Abortion and the law


Sir, – William Binchy writes that the abortion debate has been compromised by politics (“UN committee’s view on abortion contradicts core ethical value of human rights”, Opinion & Analysis, August 18th).This is true. In a changing world of cultural diversity and values, what can one expect? The European Court of Human Rights is not a federal court, but a supervisory court which supervises the implementation of the European Convention on Human Rights by the member states. And this is about 47 member states with varying cultures, languages and traditions. 

A classic example of the politics of human rights is well illustrated by the AB and C case v Ireland case in December 2010. Two of the applicants sought an abortion on the grounds of their health being in danger, and not their “lives”, and were refused an abortion. The court’s grand chamber held that there was no violation of the convention by Ireland. Yet in 35 other member states, A and B would have been given an abortion. The decision went against the European consensus.  

If politics is the art of compromise , well this it. – Yours, etc,  


Beggars Bush Court,


Dublin 4.

Sir, – If William Binchy was one of the three professionals who had to make the decision about delivering a baby before term, I wonder which of the following options he might have chosen: 1. Deliver the baby right on the cusp of viability (as happened) with the high risk of permanent harm to the child due to the premature birth (brain damage, eye sight, lung function, etc). 2. Wait until there was evidence that the woman was close to dying (through the self-harm she had threatened) and then make the decision to deliver the baby no matter what stage of the pregnancy she was at (and try to save the woman too). 3. Put the woman on a forced drip-feed (and security detail) so that she stayed alive with the baby being nourished to term, as is its human right; then deliver the baby and arrange for counselling, adoption, social service supports, etc, for both baby and mother. A fourth choice (not currently available) would be to give the woman access to a legal and safe abortion before 12 weeks. But then Mr Binchy doesn’t have to make any of these choices (or take responsibility for them). He only has to write about them. – Yours, etc,


Crosthwaite Park East,

Dún Laoghaire,

Co Dublin.

Sir, – Prof Binchy advises that those of us concerned about Ireland’s international reputation should closely scrutinise the argument that Ireland should change its Constitution to comply with its international human rights obligations. By framing the question of whether or not a woman should have the right to choose to terminate her pregnancy as one concerning solely the right to life of the unborn, Prof Binchy utilises a familiar argument: are you in favour of denying an innocent child the right to life? Clearly, the answer must be no. It is an effective argument and, through repetition and reinforcement, Prof Binchy would have us believe that women have no place in the debate whatsoever.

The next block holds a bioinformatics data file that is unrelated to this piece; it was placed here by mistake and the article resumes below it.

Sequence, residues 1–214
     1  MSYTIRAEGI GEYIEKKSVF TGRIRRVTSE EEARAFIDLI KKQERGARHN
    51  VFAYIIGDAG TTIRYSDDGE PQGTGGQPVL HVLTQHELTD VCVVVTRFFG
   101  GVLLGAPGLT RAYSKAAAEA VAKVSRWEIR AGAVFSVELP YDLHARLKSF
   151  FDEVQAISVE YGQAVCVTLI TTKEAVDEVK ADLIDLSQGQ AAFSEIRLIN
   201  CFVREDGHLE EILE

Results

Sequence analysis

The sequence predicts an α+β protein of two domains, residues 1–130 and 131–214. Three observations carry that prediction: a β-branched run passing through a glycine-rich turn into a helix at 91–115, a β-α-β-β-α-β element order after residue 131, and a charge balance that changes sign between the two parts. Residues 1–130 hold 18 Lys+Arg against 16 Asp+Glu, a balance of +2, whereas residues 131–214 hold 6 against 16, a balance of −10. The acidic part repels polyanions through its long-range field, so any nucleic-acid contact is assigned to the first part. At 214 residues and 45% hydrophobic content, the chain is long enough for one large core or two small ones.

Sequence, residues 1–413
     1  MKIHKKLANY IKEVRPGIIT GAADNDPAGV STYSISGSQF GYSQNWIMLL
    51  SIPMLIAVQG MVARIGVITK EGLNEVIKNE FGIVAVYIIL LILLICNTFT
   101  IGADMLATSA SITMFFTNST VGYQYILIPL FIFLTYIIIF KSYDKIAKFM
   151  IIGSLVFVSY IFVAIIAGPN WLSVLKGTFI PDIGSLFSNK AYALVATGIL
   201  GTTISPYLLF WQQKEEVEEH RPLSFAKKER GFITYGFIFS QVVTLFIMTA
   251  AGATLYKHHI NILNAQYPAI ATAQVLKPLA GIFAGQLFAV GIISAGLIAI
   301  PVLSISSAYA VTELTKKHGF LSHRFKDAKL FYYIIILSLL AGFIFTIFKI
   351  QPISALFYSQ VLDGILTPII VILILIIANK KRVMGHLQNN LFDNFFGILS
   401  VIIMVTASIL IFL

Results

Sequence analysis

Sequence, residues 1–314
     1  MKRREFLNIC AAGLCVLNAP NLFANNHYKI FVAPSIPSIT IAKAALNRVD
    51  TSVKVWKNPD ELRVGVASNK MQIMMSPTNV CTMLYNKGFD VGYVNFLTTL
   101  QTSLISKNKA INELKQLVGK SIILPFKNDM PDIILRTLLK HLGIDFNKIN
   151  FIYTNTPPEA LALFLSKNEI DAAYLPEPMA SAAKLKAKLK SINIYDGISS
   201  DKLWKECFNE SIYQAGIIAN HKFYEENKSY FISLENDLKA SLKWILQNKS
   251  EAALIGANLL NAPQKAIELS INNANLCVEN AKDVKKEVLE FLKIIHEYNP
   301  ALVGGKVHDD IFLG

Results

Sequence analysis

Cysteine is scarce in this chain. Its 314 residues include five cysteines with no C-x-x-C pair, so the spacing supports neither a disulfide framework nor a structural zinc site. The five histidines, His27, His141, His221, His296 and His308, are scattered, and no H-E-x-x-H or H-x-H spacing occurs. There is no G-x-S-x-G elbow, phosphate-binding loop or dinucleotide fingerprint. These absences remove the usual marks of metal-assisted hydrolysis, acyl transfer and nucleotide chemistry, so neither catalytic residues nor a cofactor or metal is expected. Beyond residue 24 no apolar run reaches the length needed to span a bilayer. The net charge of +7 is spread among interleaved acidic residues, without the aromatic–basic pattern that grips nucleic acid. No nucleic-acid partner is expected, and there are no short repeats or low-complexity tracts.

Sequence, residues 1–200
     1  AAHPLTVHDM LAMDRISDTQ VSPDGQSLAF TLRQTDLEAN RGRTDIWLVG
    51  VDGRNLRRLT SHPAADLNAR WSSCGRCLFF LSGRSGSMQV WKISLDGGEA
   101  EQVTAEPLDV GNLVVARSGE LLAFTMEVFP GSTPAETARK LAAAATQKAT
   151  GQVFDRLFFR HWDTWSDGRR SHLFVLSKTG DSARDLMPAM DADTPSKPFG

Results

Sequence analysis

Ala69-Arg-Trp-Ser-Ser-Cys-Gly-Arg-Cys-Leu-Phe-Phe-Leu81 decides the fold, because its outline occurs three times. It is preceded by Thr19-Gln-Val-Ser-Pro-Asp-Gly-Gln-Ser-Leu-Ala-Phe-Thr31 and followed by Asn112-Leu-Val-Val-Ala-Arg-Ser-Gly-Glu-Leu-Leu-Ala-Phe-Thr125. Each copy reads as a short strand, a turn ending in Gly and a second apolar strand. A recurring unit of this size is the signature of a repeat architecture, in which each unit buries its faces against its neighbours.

Prof Binchy uses the term “human rights” 18 times in his article. He refers to “abortion” eight times and to the “unborn child/children” six times. He eschews medical terms that do not serve his argument, like zygote or foetus. Notwithstanding his repeated reference to the “equal worth and dignity of every human being”, the words “woman” or “mother” do not appear once.

I, for one, am concerned about Ireland’s international reputation where a “human rights” approach to the issue of abortion views the mother as utterly irrelevant.Women have human rights too. – Yours, etc,


Bath Street,


Dublin 4.

A chara, – Can we not just be grateful that the lives of mother and child were safeguarded? Not without difficulties; we cannot eliminate these. There are still problems to face. But why such predominant negativity? – Is mise,


Blackthorn Court,


Dublin 16.

Sir, – The almost total lack of concern for the wellbeing of the child at the centre of the case on the part of those who are crying foul at the treatment of its mother is chilling. Having been forced from the womb three months before term, he or she faces months of intravenous feeding and painful mechanical assistance to breathe, and having been born at just 26 weeks gestation, will have only an 80 per cent chance of surviving into adulthood and a 25 per cent chance of developing lasting disabilities of some kind.

These appalling prospects were not brought about by some kind of medical emergency but because the doctors at the centre of the case were compelled to induce the early birth of the child under the terms of the so-called Protection of Life During Pregnancy Act. How can this be good medical practice to condemn a child to this sort of danger? And in what other situation would doctors be compelled by law to perform a procedure that risked serious injury to a patient?

This case highlights the legal Pandora’s box that could open as a result of this case and any others in the future. Having introduced a law which compels doctors to curtail dramatically a child’s gestation in the womb, with serious damage to their health as a possible result, the State would surely be exposed to huge liability in any legal actions which may be taken by such children once they reach the age of majority, or by their legal guardians before then.

The same Government which worked hard to right the wrongs done to Irish citizens as a result of the Magdalene laundries and symphysiotomies may well, through the introduction of this legislation, create a whole new generation of people whose lives will be ruined at the hands of the State, leading to a further round of apologies in the Dáil by a future set of political leaders years or decades down the line. – Yours, etc,




Dublin 3.